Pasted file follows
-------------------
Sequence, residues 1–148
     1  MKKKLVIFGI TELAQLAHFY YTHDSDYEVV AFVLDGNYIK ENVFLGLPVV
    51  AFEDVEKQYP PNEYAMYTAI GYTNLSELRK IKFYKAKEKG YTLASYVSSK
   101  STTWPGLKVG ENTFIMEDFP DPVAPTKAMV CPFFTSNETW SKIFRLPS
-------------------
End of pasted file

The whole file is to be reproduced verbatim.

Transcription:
Sequence, residues 1–148
     1  MKKKLVIFGI TELAQLAHFY YTHDSDYEVV AFVLDGNYIK ENVFLGLPVV
    51  AFEDVEKQYP PNEYAMYTAI GYTNLSELRK IKFYKAKEKG YTLASYVSSK
   101  STTWPGLKVG ENTFIMEDFP DPVAPTKAMV CPFFTSNETW SKIFRLPS